My wife spent the last 20 minutes repeating: ?I can't watch…?
My son, who was prevented from attending by work, begged me to keep my mobile phone line to him open so that he could hear the Yellow Army singing. I shouted my voice into a hoarse croak.
Those who went to Loftus Road will recall the game for all time.
It demonstrated many things. It showed for instance, that Queen's Park Rangers, the self-styled richest club in the world, still have a small club mentality towards away fans.
Nothing has been spent on the shocking ?School End?. There are still randomly placed, potentially lethal barriers among the seats. The area behind the seats is still poorly lit and dangerously cramped. Only one, under-staffed, poorly stocked refreshment kiosk was open for the upper tier.
Do those things matter? Well, they prove an attitude and illustrate an ethos.
The attendance, a paltry 13,533, was a condemnation of the London club's alleged fans because, when you subtract our contribution, it means that only about 11,000 of them could be bothered to watch a team who harbour play-off hopes. That is a disgrace.
And it was the magnificent Norwich crowd that demonstrated the most important thing for our club. On a filthy night, at a shoddy ground, 120 traffic-clogged miles from Norwich, enough City fans paid inflated prices to forgive five seasons of disappointment and roar almost constant support.
Before the game, the chat was fatalistic, with a gallows humour about trips to places like Yeovil next season. We will make those journeys if that is where City are playing.
We are Norwich fans ? and not just if the team is in the top half of the Championship or above.
We showed that once the game started. The chanting was loud and constant. It cheered the soul and lifted the team.
It was no co-incidence that periods of pressure, and the goal itself, came when the team were kicking towards us. How could they not respond to fans urging them on with such passion?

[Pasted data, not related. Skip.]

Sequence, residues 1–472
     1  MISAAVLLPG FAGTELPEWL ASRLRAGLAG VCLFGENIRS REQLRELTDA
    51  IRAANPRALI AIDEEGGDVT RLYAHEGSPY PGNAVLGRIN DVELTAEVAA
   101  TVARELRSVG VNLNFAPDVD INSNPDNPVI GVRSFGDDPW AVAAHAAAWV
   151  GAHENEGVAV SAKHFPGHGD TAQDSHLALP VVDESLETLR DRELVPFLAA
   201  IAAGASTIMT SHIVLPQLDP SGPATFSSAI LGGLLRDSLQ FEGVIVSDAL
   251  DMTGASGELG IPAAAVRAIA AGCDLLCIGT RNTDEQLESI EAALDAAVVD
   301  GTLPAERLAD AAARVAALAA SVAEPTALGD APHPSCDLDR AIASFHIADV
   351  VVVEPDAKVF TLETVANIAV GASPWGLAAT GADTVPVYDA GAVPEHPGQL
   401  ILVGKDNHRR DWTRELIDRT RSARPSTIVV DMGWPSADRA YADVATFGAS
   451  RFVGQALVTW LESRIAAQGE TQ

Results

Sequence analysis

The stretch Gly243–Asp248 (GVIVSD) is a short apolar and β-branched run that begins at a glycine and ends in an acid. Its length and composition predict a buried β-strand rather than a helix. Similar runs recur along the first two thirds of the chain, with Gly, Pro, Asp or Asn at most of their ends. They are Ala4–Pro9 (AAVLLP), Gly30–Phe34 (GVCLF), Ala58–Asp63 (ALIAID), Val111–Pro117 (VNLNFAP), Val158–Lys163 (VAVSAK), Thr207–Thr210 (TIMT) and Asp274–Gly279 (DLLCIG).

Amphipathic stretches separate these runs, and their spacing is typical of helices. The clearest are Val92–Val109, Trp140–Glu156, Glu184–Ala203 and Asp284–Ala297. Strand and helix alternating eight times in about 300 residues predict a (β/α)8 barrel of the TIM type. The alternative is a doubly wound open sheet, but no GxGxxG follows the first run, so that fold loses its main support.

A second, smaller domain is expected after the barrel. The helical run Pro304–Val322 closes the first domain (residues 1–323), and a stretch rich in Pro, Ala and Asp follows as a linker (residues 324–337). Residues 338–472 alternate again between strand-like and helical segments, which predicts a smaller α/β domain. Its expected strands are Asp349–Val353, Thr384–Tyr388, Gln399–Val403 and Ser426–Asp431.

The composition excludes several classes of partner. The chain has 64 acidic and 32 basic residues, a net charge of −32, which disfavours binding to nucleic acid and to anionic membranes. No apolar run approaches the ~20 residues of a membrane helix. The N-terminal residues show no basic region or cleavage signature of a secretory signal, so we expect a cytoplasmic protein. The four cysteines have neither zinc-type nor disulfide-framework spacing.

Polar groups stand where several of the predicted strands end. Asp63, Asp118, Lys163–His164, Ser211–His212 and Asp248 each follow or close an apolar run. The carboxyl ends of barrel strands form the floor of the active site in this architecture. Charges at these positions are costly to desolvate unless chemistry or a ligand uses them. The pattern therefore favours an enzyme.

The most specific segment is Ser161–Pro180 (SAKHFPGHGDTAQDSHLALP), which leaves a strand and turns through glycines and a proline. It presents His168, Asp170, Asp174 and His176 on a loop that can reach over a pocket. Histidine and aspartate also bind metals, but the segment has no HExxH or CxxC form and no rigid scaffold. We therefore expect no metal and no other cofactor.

The game showed other things as well. It confirmed that the team are lightweight in midfield, where our little chaps were brushed aside alarmingly often.
It demonstrated that Jon Otsemobor hasn't got the message that effort and concentration are not optional extras; they are first requisites.
It proved that, as at every stage of the season other than when Leroy Lita was toiling on our behalf, we are flaccid in attack. It displayed that Jonathan Grounds does not distribute the ball well when hurried.
But it showed as well that Shack and Doc can be immense. They started tentatively on the slippery pitch and were often exposed as QPR won too many midfield challenges and then launched hoof-ball attacks.
But, encouraged rather than heckled, the two men at the centre of our defence showed that they have hearts for the battle.
A key element was that City fans did not chide the Doc when he turned slower than a liner and stumbled in pursuit of fleet-footed opponents.
They did not give vent to their frustration when Shacks shinned a couple of clearances straight at those opponents. But the fans did make the old tin stand shake as they screamed appreciation when the two big men made big interceptions.
I've had my differences with contributors to Archant newspapers this season, and the readiness with which some have fermented discontent has done real damage to performances by the team and so might well have caused long-term harm to the club.
But the current Evening News campaign ? Get Behind the Canaries ? is absolutely spot on in tone and content, because the one resource Norwich City have that none of our relegation rivals can match is the extraordinary level of support.
It is not only QPR who have fair-weather fans who desert them far too readily.
The vast swathes of empty seats at The Valley, when Norwich filled the away end there in the FA Cup, was an indictment of a generation of supporters who only started turning up when Charlton were in the Premier League and have stayed away since.
Southampton's average attendance this season has been almost precisely half the capacity of their stadium. Watford couldn't even fill their ground when they were in the Premier League.
We have the numbers. We can make a difference. It is not over yet.
On the ball City.